The game Nine Men’s Morris, also named as Mill, has been around for at least 1,400 years. It was very popular among the Romans who probably learned about the game through trade routes. The Romans brought this game to central Europe and England where it was very popular in medieval times. In colonial times it was played by soldiers during the revolutionary war and was also popular with children who played it with marbles by drawing the board on the ground.
Here is a print out version of the game board: Nine Men Morris Board
Checker pieces can be used as well as marbles, glass beads or any other pieces, provided there are each nine pieces of the same color or shape (e.g. nine nickels and nine dimes).
The game is played with two players, each having nine game pieces. The players take turns putting one piece after another on the game board where lines cross or in the corners of the squares. A “mill” is completed whenever three pieces of the same color are in a line (not a diagonal line!). The player having the mill completed can take one of the opponent’s pieces that is not in a mill (exception: the player may take a piece in a mill if there is no free piece).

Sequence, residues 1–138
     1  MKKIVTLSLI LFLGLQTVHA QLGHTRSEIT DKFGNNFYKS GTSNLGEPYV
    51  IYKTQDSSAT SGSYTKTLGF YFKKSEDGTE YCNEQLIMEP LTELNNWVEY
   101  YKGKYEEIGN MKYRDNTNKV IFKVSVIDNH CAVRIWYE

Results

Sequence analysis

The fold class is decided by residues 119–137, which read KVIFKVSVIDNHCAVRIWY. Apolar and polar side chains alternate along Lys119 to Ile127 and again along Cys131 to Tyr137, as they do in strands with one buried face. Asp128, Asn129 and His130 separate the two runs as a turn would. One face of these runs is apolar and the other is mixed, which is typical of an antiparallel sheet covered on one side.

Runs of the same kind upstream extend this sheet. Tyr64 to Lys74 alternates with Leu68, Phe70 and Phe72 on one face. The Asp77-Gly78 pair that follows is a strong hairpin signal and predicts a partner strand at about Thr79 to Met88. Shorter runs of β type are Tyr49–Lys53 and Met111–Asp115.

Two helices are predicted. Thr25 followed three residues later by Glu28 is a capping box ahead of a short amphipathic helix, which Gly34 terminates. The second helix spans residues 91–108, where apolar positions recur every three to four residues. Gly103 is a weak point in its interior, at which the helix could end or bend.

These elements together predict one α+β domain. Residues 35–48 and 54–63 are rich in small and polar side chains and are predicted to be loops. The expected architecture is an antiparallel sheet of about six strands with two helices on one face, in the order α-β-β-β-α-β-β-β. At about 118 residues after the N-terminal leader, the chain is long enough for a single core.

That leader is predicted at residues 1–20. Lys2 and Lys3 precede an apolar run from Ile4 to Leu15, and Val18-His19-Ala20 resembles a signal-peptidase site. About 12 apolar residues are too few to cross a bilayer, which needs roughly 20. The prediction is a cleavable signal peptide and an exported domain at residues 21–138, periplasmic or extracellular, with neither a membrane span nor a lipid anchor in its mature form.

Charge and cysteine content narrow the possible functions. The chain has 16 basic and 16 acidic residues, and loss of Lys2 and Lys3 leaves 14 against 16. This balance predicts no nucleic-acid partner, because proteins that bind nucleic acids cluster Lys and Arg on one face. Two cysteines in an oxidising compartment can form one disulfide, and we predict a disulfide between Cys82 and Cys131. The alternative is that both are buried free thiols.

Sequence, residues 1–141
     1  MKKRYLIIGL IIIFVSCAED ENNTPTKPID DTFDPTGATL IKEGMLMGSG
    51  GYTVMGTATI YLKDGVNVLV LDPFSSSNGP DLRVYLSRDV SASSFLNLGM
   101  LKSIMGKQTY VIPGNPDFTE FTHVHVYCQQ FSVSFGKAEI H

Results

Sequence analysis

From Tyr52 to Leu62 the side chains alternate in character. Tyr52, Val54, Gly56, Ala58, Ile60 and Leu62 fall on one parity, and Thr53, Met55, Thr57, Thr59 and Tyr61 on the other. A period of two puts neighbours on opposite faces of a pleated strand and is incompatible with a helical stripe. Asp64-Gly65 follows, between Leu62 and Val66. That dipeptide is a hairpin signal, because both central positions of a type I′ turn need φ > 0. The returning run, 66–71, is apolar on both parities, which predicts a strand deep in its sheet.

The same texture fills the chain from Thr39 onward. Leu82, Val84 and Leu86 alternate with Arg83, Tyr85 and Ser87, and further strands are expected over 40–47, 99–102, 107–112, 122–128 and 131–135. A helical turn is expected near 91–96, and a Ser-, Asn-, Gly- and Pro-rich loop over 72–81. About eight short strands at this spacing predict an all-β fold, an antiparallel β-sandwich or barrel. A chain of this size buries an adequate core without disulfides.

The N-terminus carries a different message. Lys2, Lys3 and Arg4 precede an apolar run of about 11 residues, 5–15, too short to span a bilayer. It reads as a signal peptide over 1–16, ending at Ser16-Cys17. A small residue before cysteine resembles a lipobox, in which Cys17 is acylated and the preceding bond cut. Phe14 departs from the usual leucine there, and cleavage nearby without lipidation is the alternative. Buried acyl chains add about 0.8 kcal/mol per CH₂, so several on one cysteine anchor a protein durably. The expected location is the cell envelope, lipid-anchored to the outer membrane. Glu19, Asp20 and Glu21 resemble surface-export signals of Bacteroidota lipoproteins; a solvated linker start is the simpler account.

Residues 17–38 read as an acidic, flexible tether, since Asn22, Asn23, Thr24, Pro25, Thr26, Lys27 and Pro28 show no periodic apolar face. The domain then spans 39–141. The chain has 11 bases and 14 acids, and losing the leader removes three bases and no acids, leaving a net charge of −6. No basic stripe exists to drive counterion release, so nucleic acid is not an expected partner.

When all pieces are placed, the players take turn moving a piece to another location by sliding it to the free next spot. Pieces cannot “jump” over each other at this stage of the game. If a player closes a mill during her or his turn, she or he can take an opponent’s piece (no piece in a completed mill, except no other piece available).
If one player has only three pieces left, a special rule may be applied: The player with only three pieces can “fly” her or his pieces to a desired free spot.